Your child has successfully completed grade school and is ready to enter their teen years in the upper grade levels. There are many changes which occur in school and the IEP or 504 plans will also need to be changed to better accommodate your child. The following are some ideas to help you get started. Please remember that you know your child’s needs best and these are just some suggestions.
- No longer will they stay in the same classroom throughout the day. Hallways become extremely crowded during passing time so you may want your child allowed extra time to get to each class.
- Request a middle or top locker, since squatting to use a lower locker may be difficult. If the campus is large, request a second locker. Just remember which locker you’re using for each class!
- Books are carried back and forth to each class and carrying the backpack can be an extra burden for them. Keep a book in the classroom and an extra set of books at home. Keep an extra supplies in each classroom.
- Use a single binder and separate with tabs for each subject. If teachers want binders turned in for a binder check, simply pull out that section, insert into a new binder, and turn it in to teacher. Or, keep a binder in each classroom with a pencil pouch and a pocket folder inside the binder. If the student needs to take something home, she can place it in the folder and just take the folder home.
- Many notes are taken; some children may need to use a tape recorder or have notes copied from a fellow student or the teacher.
- Gym class may become a great obstacle. Some students with hemiplegia are excused because of a doctor’s note, others will do reports on sports, and some have been allowed to use their PT or OT as their requirement for gym.
- Have your child’s class schedule changed to meet their needs. Place the difficult classes in the morning if you’re an early riser and later in the day if you are groggy from morning medications. If stairs are involved you may want the day split in two–mornings downstairs, afternoons upstairs so they are not walking up and down stairs throughout the day. Schedule a study hall in the middle of the day.
- Tests become harder and harder. Your child may need extra time; some may need the test read to them. Some tests use bubble sheets, have them just circle the answers and have someone else transfer the answers for them.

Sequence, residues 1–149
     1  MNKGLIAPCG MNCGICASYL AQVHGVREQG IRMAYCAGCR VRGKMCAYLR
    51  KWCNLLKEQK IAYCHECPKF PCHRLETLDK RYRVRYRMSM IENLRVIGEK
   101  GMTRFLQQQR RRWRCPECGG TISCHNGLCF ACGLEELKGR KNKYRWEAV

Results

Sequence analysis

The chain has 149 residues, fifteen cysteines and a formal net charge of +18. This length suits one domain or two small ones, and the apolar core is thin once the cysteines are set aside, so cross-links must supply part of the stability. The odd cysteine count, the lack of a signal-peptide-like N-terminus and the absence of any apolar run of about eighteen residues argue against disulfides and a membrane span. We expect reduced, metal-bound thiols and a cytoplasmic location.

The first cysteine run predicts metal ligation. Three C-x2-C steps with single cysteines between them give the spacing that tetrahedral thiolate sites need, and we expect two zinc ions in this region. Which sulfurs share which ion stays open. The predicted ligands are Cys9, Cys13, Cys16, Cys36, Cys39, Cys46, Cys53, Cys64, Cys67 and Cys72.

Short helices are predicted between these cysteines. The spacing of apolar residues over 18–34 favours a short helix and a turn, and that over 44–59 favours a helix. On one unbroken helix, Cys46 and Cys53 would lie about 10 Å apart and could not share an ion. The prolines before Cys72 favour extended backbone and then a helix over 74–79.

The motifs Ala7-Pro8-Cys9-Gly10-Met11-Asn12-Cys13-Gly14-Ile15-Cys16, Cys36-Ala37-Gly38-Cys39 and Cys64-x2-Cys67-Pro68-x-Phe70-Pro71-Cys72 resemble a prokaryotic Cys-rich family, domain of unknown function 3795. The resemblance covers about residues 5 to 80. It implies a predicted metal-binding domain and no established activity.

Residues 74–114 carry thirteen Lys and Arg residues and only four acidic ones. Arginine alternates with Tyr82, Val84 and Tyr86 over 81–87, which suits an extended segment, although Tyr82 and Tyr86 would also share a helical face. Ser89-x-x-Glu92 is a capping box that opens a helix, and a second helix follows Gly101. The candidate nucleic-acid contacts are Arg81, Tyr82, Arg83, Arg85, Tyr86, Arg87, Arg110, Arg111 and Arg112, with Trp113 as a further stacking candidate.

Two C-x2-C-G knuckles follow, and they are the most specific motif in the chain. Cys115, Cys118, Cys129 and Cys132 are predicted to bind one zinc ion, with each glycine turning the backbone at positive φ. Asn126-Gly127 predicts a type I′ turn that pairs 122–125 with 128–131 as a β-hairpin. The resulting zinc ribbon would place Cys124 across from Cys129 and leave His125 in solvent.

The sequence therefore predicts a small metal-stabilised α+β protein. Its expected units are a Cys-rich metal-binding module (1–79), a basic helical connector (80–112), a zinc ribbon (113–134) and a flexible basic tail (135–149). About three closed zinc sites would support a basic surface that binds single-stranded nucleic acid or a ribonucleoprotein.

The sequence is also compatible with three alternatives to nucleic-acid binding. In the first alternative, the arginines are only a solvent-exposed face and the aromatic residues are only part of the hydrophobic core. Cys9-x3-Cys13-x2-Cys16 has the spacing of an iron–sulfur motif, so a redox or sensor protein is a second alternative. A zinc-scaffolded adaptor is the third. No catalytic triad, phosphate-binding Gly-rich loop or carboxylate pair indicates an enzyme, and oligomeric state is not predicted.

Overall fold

- No longer do you deal with just one or two teachers. At the beginning of the school year meet with the teachers. Send a letter to each individual teacher explaining your child’s hemiplegia, include in the letter a summary of what is written in the IEP or 504.
- Middle School can be a huge adjustment. Your child may experience some teasing at school; watch for any changes in your child, they may not be willing to share with you what is happening. Get to know your child’s counselor, so if this does happen, they are able to help your child deal with this issue.
- Transitioning is another new service you will learn about. This should start at the age of 14. The purpose of starting transition services is to help your teenager begin to prepare for the future.
- High School (sometimes Middle School) is an excellent time to start having your child attend IEP/504 meetings. This will allow them to start to learn how to advocate for themselves and understand the process involved.
- Even though your child is becoming a young adult there are still many instances where they may need intervention by parents. Allow them to be a part of it, listen to their suggestions and what they feel they need. Maybe they will even advocate for themselves!!
There are many education links on the website which will help you with the IEP, 504, and transition services. Refer to these for further information.
- If commuting to college, use a rolling business bag or back pack if books and laptop are heavy.
- If living on campus or only one class, usually a notebook tucked into a small backpack or even a purse will work. Keep binder in dorm and hold punch any handouts or printed papers and insert into binder.
- Choose a post office box that is at middle or top, since squatting to reach a lower box may be difficult.